Dharavi slum was founded in 1882s during the British colonial era. The slum grew in part because of an expulsion of factories and residents from peninsular city center by colonial government and from rural poor migrating into urban Mumbai (then called Bombay). It is currently a multi-religious, multi-ethnic, diverse settlement. Dharavi’s total population estimates vary between 300,000 to about 1 million.
Dharavi has an active informal economy in which numerous household enterprises employ many of the slum residents. It exports goods around the world.Leather, textiles and pottery products are among the goods made inside Dharavi by the slum residents. The total annual turnover has been estimated at over US$500 million.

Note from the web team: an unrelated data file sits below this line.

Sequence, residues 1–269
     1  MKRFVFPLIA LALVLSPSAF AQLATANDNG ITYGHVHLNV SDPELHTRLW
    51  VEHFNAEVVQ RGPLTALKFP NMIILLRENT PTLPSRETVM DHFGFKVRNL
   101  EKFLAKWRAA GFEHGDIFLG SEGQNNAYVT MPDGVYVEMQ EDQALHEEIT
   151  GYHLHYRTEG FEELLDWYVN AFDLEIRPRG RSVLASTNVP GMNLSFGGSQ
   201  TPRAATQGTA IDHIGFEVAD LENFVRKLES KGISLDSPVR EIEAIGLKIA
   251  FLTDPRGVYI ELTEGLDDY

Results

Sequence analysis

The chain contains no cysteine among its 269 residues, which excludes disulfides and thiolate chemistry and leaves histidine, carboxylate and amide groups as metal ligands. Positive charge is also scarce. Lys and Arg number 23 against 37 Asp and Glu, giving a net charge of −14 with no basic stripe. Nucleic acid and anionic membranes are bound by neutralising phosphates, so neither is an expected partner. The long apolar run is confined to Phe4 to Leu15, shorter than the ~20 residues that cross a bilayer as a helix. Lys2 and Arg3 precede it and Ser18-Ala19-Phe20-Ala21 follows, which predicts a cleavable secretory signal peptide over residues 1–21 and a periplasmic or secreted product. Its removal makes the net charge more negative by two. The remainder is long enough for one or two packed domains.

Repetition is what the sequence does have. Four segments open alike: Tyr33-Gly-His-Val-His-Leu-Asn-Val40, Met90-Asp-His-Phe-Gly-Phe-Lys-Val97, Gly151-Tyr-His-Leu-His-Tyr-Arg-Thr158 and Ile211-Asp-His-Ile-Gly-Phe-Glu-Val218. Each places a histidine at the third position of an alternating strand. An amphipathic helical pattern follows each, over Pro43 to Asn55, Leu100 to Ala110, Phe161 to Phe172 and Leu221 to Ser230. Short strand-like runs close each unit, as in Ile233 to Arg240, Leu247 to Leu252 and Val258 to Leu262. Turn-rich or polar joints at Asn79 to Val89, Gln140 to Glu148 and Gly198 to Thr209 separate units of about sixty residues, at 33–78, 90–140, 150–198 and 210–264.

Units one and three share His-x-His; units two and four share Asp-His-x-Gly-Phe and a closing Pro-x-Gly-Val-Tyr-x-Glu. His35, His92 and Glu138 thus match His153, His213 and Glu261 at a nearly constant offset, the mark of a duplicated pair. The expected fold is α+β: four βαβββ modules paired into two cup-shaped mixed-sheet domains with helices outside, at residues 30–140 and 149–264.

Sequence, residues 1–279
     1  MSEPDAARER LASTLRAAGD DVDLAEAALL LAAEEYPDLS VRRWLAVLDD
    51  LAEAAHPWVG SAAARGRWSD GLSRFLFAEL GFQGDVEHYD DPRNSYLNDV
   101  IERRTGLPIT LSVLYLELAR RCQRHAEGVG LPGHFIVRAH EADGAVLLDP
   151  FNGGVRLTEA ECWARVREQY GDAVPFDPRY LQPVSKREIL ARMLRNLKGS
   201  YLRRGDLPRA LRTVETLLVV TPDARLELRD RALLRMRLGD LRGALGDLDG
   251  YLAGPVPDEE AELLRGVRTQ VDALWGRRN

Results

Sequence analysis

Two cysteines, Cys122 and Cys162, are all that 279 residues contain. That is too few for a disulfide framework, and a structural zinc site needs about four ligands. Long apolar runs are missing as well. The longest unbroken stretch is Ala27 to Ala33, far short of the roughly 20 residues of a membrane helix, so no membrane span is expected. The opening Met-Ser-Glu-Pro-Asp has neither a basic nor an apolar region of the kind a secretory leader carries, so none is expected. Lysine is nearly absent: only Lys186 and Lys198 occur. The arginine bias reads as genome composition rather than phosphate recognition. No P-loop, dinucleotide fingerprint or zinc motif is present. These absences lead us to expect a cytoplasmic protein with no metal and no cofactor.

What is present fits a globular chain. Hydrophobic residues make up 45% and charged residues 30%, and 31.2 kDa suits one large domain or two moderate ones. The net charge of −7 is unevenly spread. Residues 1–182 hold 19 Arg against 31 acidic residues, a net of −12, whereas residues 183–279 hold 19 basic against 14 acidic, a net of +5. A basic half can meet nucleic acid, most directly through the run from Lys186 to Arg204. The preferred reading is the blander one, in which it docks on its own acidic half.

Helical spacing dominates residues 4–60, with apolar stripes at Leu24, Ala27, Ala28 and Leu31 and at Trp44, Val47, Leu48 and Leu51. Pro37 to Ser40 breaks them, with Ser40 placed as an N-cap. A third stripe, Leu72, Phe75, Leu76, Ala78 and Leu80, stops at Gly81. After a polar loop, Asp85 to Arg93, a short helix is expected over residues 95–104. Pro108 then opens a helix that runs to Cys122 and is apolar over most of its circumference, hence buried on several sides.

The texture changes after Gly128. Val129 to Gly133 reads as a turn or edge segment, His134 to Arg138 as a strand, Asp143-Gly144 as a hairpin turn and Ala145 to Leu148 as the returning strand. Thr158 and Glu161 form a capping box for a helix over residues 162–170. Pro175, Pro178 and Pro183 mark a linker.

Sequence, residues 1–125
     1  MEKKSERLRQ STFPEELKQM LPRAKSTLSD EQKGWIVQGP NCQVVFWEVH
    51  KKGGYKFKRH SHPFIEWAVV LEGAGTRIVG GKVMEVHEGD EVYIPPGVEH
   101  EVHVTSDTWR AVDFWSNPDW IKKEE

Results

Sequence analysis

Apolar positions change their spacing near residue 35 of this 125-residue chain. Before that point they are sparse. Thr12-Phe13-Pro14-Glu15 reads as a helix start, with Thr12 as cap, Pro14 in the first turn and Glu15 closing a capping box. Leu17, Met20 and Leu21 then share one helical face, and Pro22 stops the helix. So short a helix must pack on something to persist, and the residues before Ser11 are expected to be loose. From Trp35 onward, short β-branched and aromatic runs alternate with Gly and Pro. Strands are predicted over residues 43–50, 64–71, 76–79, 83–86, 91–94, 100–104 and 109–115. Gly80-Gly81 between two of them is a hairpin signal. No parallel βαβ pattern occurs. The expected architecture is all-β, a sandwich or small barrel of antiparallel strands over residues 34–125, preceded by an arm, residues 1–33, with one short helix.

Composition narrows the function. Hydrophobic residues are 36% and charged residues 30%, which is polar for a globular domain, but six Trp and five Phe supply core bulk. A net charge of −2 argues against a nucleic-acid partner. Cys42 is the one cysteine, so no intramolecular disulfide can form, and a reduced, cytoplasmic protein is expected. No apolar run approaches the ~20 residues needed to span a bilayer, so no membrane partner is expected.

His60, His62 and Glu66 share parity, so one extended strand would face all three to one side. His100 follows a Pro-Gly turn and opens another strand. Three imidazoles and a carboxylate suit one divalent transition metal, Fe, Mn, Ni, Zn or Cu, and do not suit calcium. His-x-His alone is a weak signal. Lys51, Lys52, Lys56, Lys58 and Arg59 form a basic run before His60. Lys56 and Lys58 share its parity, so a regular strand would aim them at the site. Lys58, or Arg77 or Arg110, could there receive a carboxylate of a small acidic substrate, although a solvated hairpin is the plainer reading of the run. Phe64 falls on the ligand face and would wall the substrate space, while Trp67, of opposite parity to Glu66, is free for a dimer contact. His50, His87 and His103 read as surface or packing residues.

Dharavi has suffered through many incidences of epidemics and other disasters. It currently covers an area of 217 hectares (535 acres). In the 18th century, Dharavi was an island. Daravi is a historical spelling of the area. It was predominantly a mangrove swamp before the late 19th century, inhabited by Koli fishermen. Dharavi was then referred to as the village of Koliwadas.